“The ship is following protocols and taking every precaution to ensure the health and safety of all crew members and patients on board,” Fage said in an emailed statement. “We’re taking every precaution to mitigate the risk of inadvertent exposure to COVID-19 for the military treatment facility and entire Mercy crew.”

The Mercy left San Diego on March 23 and arrived at the Port of Los Angeles four days later. Its mission is to relieve Los Angeles hospitals by treating patients who do not have COVID-19.

It is unclear when or how its crew member was exposed to the virus. Naval Medical Forces Pacific told the San Diego Union-Tribune that some of its crew previously were assigned to Naval Medical Center San Diego, one of two local military facilities that are treating COVID-19 patients.

—The San Diego Union-Tribune


Federal judge orders testing measures at Cook County Jail, but rejects request to order immediate releases due to coronavirus

CHICAGO — A federal judge on Thursday rejected an emergency request to order the release of medically vulnerable Cook County Jail detainees due to an ongoing COVID-19 threat, but granted a temporary restraining order forcing Sheriff Tom Dart to comply with strict sanitation and testing measures.

A lawsuit filed last week by the Loevy and Loevy law firm and the MacArthur Justice Center at Northwestern University alleged Dart has failed to stop a “rapidly unfolding public health disaster” at the sprawling jail complex. The jail now ranks at or near the top of lists of single locations for COVID-19 infections in the country.

The suit sought class-action status for all of the jail’s 4,500 detainees and also a temporary restraining order calling for the immediate release of any prisoner whose constitutional rights are being violated by their continued detention amid the coronavirus crisis.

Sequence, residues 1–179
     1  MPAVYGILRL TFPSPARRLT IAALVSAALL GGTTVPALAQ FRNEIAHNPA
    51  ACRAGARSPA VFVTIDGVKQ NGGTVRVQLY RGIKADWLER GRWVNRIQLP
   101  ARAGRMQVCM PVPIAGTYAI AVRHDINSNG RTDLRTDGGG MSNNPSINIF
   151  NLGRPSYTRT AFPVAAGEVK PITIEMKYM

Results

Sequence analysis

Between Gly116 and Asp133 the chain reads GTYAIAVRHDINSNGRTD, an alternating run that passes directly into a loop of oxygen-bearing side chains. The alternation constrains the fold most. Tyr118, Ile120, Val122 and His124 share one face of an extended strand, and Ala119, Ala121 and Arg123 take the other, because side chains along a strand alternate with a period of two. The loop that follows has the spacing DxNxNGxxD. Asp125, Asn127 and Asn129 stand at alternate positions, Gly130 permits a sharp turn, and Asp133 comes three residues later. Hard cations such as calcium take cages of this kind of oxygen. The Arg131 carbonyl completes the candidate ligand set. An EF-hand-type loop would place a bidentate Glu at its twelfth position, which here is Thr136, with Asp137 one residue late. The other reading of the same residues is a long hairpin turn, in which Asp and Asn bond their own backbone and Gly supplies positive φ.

In his 37-page ruling, U.S. District Judge Matthew Kennelly acknowledged the potential “grave risks” to health at the jail, which so far has seen 251 detainees and 150 staff members test positive for the virus — including one inmate who died earlier this week.

But Kennelly wrote that the plaintiffs had failed to show that they’d exhausted their options in state court — namely seeking expedited bond review under rules established by Cook County Chief Criminal Judge Leroy Martin Jr. last month amid the widening pandemic.

Lawyers for the plaintiffs had argued that the bond review process was unduly cumbersome and ultimately “futile” for many detainees.

But Kennelly noted in his ruling that in one week in late March when expedited bond hearings were held, the jail’s population decreased by 424 detainees. Since March 9, the population has decreased by 1,175 detainees — bringing it to a record low for the past few decades, Kennelly wrote.

The judge also said none of the named plaintiffs had even gone to court to seek a bond reduction before filing suit.

“In the court’s view, it is rather incongruous to call an otherwise available process unnecessarily time-consuming or futile when one has made no effort to initiate it,” Kennelly wrote.

While Kennelly rejected the plaintiffs’ main request for immediate release on bond, he did grant a temporary restraining order requiring the sheriff to swiftly establish a policy “requiring prompt coronavirus testing of detainees who exhibit symptoms” as well as those exposed to others who have tested positive.

—Chicago Tribune